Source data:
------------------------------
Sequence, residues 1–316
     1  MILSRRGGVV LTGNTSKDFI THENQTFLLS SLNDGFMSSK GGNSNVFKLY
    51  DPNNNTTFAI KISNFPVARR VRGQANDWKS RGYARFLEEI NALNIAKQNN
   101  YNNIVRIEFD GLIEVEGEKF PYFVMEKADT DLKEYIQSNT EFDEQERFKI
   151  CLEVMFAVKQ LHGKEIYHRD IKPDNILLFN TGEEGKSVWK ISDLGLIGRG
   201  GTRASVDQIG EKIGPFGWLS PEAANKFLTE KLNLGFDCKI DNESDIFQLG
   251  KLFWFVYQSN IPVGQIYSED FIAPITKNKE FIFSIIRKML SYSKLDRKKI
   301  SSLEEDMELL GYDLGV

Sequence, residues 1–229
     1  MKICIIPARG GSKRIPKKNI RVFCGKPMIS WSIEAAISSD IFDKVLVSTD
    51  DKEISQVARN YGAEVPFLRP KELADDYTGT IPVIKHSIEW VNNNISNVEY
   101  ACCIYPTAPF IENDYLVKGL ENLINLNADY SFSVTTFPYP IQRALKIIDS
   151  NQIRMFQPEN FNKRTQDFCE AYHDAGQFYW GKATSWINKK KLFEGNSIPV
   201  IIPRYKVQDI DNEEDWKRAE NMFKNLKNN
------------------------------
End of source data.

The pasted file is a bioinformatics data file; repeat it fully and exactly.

Sequence, residues 1–316
     1  MILSRRGGVV LTGNTSKDFI THENQTFLLS SLNDGFMSSK GGNSNVFKLY
    51  DPNNNTTFAI KISNFPVARR VRGQANDWKS RGYARFLEEI NALNIAKQNN
   101  YNNIVRIEFD GLIEVEGEKF PYFVMEKADT DLKEYIQSNT EFDEQERFKI
   151  CLEVMFAVKQ LHGKEIYHRD IKPDNILLFN TGEEGKSVWK ISDLGLIGRG
   201  GTRASVDQIG EKIGPFGWLS PEAANKFLTE KLNLGFDCKI DNESDIFQLG
   251  KLFWFVYQSN IPVGQIYSED FIAPITKNKE FIFSIIRKML SYSKLDRKKI
   301  SSLEEDMELL GYDLGV

Sequence, residues 1–229
     1  MKICIIPARG GSKRIPKKNI RVFCGKPMIS WSIEAAISSD IFDKVLVSTD
    51  DKEISQVARN YGAEVPFLRP KELADDYTGT IPVIKHSIEW VNNNISNVEY
   101  ACCIYPTAPF IENDYLVKGL ENLINLNADY SFSVTTFPYP IQRALKIIDS
   151  NQIRMFQPEN FNKRTQDFCE AYHDAGQFYW GKATSWINKK KLFEGNSIPV
   201  IIPRYKVQDI DNEEDWKRAE NMFKNLKNN